The people in the synagogue at Capernaum rejected this message, the Good News of salvation. They rejected the gift. And they rejected Jesus Himself. Why? Because it all got in the way of what they thought they knew.
From our perspective. 2,000 years later, we see that human nature has remained essentially the same. Spectacular miracles won’t guarantee faith. Faith demands a receptive heart open to God’s Word, and a willingness to transform our lives.
So, as we receive the Bread of Life at Communion today, let’s approach with faith-filled hearts, committed to living the Christian life that God wants for each of us. Then, in the words of today’s psalm, we too can “Taste and see how good the Lord is.”

Wednesday, August 12, 2015

Are We Alone?

The bookcase in our guestroom contains perhaps 100 books, split almost evenly between fiction and non-fiction. I place them there under the assumption that some of our guests might actually enjoy turning the pages and reading a real book in this day of eBooks and Kindles. Apparently some do. A few years ago a guest appeared at breakfast with one of my books in his hand -- a book of Irish poetry. He then noted with some surprise that I had included quite a few science fiction novels among the fiction in the bookcase. "I've never understood the attraction of science fiction," he said. "It's all so bizarre, far too weird to take seriously -- all that outer space stuff and monsters and strange planets. Nothing real. Nothing human."
Nasty Aliens on the Attack

He apparently assumed I was far too cultured to allow such "literature" to pollute my personal library and asked, "I suppose you have a few friends who actually read it?"

The question, of course, was meant to appease me, to offer an escape hatch so I could claim no personal interest in the genre. But in a rare display of honesty I replied, "No, I include them because I like them. I believe that some of today's best writing can be found in science fiction. Read almost anything by Gene Wolfe and you'll see what I mean. And don't forget, several of the famed Inklings, Tolkien, C.S. Lewis, and Charles Williams, were all writers of what today would be called science fiction or fantasy."

Our conversation, which had started with such promise, seemed to deteriorate from there. My guest's real stumbling block was his refusal to suspend his disbelief: "How can you believe all that stuff? Do you really believe in UFOs and a universe filled with weird creatures in flying saucers?"

He was even more surprised when I answered, "No, not at all. In fact, I believe we humans are unique, completely alone in God's universe. Don't you agree?"

"Well," he began, tossing me another bone, "I suppose it's possible..." Then he got serious, sounding very much like the late Carl Sagan: "But not at all probable. When you consider the vast size of the universe -- billions of galaxies, each containing billions of stars -- there must be countless planets that support life, even intelligent life."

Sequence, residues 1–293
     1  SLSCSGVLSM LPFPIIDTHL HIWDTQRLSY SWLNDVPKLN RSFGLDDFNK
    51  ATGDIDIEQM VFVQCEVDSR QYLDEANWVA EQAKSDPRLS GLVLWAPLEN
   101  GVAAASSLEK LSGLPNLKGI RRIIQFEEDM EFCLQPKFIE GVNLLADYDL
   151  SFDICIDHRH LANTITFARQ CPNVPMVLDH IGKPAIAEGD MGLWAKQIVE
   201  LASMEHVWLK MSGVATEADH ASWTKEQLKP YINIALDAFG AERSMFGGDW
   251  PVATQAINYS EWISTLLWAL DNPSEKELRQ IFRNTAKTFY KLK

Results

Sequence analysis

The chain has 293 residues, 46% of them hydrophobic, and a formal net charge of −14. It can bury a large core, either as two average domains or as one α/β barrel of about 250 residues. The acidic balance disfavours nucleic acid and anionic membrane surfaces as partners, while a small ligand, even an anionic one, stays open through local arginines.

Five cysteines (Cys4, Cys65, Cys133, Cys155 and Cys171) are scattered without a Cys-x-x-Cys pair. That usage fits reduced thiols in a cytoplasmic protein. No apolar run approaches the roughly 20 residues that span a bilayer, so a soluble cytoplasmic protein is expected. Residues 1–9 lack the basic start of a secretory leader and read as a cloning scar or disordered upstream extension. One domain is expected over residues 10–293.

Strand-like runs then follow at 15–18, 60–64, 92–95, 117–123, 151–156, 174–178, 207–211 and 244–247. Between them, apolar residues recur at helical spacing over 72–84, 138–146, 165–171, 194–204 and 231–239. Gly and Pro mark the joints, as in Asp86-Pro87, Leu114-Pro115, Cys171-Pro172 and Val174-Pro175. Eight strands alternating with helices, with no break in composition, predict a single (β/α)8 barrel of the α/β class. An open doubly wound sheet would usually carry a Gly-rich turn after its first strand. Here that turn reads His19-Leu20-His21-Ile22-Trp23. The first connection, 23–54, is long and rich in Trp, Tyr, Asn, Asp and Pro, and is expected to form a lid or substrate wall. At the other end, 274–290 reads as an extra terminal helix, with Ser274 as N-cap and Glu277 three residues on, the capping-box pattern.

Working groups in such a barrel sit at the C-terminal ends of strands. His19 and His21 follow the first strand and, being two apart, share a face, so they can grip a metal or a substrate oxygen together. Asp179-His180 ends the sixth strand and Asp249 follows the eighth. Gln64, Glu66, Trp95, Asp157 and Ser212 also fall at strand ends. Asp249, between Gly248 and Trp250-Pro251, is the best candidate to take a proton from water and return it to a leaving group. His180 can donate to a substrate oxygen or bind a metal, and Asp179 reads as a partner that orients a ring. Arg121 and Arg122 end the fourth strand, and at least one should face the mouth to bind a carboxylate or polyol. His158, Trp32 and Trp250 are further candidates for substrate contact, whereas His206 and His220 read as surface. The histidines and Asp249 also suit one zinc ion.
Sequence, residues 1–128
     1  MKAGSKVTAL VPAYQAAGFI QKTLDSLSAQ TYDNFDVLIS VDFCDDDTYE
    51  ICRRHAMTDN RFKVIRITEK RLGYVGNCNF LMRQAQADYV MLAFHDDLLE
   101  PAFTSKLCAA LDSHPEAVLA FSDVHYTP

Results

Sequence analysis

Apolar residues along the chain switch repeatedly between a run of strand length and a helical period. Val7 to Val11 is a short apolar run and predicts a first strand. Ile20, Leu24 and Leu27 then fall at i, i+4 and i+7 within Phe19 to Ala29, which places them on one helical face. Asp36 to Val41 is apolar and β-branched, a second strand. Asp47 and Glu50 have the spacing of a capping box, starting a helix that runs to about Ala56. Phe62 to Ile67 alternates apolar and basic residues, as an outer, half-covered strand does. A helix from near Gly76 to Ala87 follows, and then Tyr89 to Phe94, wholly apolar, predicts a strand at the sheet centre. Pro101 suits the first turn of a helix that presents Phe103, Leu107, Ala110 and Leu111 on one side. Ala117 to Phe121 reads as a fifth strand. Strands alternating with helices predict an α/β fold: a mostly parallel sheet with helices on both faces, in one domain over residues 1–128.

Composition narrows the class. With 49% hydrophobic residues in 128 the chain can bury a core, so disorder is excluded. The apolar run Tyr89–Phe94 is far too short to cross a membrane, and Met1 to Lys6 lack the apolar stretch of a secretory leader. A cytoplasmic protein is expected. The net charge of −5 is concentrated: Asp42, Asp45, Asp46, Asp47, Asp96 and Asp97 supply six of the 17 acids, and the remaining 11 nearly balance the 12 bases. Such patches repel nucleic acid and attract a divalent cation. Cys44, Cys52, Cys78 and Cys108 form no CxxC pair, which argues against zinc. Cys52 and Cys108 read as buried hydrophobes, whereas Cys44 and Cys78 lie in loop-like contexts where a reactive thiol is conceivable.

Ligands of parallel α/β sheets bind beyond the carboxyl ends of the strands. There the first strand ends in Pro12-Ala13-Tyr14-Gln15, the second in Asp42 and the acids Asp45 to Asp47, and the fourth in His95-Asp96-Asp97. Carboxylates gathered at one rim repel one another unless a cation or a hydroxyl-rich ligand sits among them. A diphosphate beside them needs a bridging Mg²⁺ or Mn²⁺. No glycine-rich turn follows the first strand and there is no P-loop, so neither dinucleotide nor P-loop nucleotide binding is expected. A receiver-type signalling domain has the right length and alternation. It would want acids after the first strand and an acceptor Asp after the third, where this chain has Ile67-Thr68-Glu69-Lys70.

"No," I said, "I believe we're the only ones. I think God created everything else just to remind us who He is."

That ended the conversation, and allowed Dear Diane to begin a new one: "Who wants waffles, and who wants eggs?"
Waffles and Eggs: A fine product of life (chickens & wheat) on earth

I found it extremely interesting, and puzzling, that I, who believe we humans are alone in the universe, should enjoy science and fantasy fiction, while my friend, who accepts the probable existence of extraterrestrial intelligent life, abhors science fiction. My excuse is that I simply enjoy a good story with interesting, well-developed characters. I also appreciate the literary challenge of creating worlds and cultures that bear little or no resemblance to our own. And yet I believe that science fiction is also fictional science. As for my friend, I can't speak for him or explain the apparent contradiction between his beliefs and his literary tastes. I never got around to asking him.

Interestingly, most scientists would agree with my friend. How can a universe so mind-bogglingly vast contain only a single planet populated by intelligent beings? Indeed, there's a group of scientists engaged in the search for extraterrestrial intelligence (SETI) that has spent years scanning the universe with radio telescopes searching for signals from other civilizations. Their search is based on their belief, like that of my friend, that the universe must contain many earth-like planets on which intelligent life has evolved.

SETI Hunting for Smart Aliens
This search for extraterrestrial life was spearheaded by Frank Drake of the SETI Institute, predictably founded in California back in the 1960s. Drake devised what came to be called the Drake Equation, used to this day by those engaged in the search. Interestingly, the equation, although used by many claiming to be scientists, is highly non-scientific. Speculative at best, it is based on a series of highly subjective best guesses, all leading to even more unlikely conclusions. The "equation" estimates the number of stars in the universe, how many have planets, the number of these that could possibly sustain life, the likelihood that life will form on these habitable planets, and the probability that intelligent life will evolve...and on and on.